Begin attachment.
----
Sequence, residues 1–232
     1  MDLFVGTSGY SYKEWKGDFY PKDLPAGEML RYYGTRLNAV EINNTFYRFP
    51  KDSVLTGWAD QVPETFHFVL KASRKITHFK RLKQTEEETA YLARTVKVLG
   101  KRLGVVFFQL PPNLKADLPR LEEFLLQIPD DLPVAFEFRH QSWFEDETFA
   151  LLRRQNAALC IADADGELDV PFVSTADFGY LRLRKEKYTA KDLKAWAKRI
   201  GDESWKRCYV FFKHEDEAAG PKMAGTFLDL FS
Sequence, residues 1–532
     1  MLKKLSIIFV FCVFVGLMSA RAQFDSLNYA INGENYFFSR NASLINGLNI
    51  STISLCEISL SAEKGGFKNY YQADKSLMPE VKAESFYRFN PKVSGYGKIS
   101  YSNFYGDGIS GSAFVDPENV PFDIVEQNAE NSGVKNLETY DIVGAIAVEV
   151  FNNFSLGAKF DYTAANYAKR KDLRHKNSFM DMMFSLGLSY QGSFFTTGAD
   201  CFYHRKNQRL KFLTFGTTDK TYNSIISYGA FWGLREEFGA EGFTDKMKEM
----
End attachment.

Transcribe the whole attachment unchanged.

Sequence, residues 1–232
     1  MDLFVGTSGY SYKEWKGDFY PKDLPAGEML RYYGTRLNAV EINNTFYRFP
    51  KDSVLTGWAD QVPETFHFVL KASRKITHFK RLKQTEEETA YLARTVKVLG
   101  KRLGVVFFQL PPNLKADLPR LEEFLLQIPD DLPVAFEFRH QSWFEDETFA
   151  LLRRQNAALC IADADGELDV PFVSTADFGY LRLRKEKYTA KDLKAWAKRI
   201  GDESWKRCYV FFKHEDEAAG PKMAGTFLDL FS
Sequence, residues 1–532
     1  MLKKLSIIFV FCVFVGLMSA RAQFDSLNYA INGENYFFSR NASLINGLNI
    51  STISLCEISL SAEKGGFKNY YQADKSLMPE VKAESFYRFN PKVSGYGKIS
   101  YSNFYGDGIS GSAFVDPENV PFDIVEQNAE NSGVKNLETY DIVGAIAVEV
   151  FNNFSLGAKF DYTAANYAKR KDLRHKNSFM DMMFSLGLSY QGSFFTTGAD
   201  CFYHRKNQRL KFLTFGTTDK TYNSIISYGA FWGLREEFGA EGFTDKMKEM